Saturday 24 November 2007

Round the back of Portsea Island

A couple of years back I navigated the Hilsea Channel that connects Portsmouth and Langstone harbours, in company with Conrad Natzio, designer of my Sandpiper spritsail boat. He sailed his own Oystercatcher.
Everyone has to do Hilsea Channel eventually because it looks so tempting on the map and forms a 'voyage' (we sailed from Bosham to Fareham) but it is a bit dismal to be honest. The channel is completely canalised and although one side is formed by the grassy ramparts of the Hilsea Lines, built in Victorian times to defend Portsmouth from the French, the other side is the M27 motorway.
The best plan is to start on a rising tide about two hours before HT to allow a decent air space under the bridges. There is no alternative to rowing (sorry sailing types!).
We went east to west, starting from the hospitable Tudor Sailing Club. The first bridge is the Eastern Road, which is not a problem.
We anchored and had lunch, being entertained by a broken-down van being towed off the bridge.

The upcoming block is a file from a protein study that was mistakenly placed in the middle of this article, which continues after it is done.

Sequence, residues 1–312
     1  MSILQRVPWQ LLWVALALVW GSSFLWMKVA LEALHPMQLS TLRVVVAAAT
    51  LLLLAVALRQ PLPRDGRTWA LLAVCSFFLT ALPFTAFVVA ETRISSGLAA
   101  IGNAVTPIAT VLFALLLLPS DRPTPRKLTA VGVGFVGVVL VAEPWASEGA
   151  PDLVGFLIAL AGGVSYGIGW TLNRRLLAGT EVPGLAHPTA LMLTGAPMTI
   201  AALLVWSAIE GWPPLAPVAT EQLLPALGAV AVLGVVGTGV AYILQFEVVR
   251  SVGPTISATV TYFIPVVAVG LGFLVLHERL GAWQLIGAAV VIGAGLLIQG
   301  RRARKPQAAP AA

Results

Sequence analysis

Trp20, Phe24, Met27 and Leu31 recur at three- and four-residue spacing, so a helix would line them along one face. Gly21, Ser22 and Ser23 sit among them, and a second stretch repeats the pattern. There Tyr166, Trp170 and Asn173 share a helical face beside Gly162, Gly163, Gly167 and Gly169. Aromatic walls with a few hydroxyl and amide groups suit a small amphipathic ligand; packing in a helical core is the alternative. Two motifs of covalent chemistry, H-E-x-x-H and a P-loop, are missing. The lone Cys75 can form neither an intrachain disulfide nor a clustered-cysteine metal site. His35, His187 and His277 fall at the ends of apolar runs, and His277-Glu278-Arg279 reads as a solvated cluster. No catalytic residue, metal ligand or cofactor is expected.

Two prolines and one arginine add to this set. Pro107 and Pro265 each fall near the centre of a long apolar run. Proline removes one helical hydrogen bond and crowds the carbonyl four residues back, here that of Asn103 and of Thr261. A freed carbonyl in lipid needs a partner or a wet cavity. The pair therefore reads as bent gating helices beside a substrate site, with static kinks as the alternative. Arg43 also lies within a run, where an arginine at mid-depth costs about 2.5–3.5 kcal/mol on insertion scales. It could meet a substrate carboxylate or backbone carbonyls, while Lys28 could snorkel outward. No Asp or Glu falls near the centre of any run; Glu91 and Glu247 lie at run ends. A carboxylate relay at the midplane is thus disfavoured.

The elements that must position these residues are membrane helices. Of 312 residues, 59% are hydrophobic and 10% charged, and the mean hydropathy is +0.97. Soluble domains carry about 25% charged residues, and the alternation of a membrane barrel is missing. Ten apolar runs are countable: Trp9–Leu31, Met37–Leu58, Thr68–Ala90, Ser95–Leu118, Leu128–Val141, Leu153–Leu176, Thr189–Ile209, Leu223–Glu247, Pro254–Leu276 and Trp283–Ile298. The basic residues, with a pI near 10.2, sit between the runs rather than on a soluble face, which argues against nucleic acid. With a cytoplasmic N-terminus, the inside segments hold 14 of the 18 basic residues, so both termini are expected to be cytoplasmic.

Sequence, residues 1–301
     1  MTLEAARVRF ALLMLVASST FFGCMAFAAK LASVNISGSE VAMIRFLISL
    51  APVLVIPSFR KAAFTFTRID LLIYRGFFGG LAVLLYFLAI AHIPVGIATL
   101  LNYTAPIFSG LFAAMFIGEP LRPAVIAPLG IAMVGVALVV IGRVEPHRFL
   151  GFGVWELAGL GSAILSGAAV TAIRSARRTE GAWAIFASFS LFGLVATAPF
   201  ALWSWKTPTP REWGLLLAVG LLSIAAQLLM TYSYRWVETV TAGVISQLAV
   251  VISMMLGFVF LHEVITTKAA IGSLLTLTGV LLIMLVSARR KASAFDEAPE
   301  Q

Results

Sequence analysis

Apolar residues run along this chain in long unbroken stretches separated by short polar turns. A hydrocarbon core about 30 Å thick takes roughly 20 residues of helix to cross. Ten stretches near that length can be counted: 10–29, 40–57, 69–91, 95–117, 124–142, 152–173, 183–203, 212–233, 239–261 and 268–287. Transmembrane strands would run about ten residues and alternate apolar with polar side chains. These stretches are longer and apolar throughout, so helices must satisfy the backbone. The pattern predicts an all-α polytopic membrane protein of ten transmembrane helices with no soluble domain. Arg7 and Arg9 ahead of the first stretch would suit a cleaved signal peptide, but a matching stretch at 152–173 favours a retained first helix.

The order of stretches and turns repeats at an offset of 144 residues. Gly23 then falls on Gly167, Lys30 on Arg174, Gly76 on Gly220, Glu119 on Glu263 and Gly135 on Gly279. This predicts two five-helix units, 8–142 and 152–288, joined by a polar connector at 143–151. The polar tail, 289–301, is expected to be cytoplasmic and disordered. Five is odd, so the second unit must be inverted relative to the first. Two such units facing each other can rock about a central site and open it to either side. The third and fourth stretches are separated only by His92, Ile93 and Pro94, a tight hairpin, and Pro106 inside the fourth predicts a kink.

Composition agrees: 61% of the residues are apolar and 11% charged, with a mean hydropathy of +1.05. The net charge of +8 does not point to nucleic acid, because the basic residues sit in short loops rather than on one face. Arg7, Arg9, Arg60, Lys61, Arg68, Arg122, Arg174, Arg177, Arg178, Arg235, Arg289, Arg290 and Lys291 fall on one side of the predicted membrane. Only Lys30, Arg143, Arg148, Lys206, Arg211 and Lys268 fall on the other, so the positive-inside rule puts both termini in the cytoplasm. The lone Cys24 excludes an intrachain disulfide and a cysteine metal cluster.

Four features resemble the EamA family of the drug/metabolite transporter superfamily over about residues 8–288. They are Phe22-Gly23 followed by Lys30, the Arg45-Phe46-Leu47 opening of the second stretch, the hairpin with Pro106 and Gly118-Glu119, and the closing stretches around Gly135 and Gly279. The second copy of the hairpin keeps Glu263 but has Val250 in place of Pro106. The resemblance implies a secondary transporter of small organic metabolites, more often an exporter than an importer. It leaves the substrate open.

A member of the Langstone Cutters who had done the trip told me that the railway bridge was so low they had to lie down in their seats and hand themselves under it, avoiding threatening-looking ducting with 'High Voltage - Danger of Death' on which must have been alarming but we had plenty of room at this state of the tide.
This is a footbridge with a great big water pipe (at least, I assume it was water...) slung under it. This is looking back towards the railway bridge (rower's viewpoint).
This flying footbridge is not a problem for sailors but we might as well be complete.

Next challenge is the bridge under the Cosham Roundabout, which is actually a pair of bridges separated by a short culvert. Dark and uninviting but not a problem. It is entertaining to note that the older bridge (1920s?) has fancy stone balustrades but the later one, built when the roundabout was constructed in the 1970s, is brutally functional. I don't know which is worse - the half-hearted ornament or the don't-care functionalism.
That is the last of the low bridges. The next problem was that the new lagoon formed by the loop of the M275 didn't have enough water in it. Here is Cap'n Conrad scouring the horizon for a channel.
An inexplicable thing floats in the middle of the lagoon. Is it art, or some sort of beacon, possibly to attract alien spacecraft to Pompey?
The end is in sight when you reach the motorway bridge. It looks as though the traffic engineers have been generous to sailors this time, but the height is really there to provide headroom for the interchanges further down the road. Beyond the bridge on the north is a handy inlet for setting sail before entering Portsmouth Harbour.

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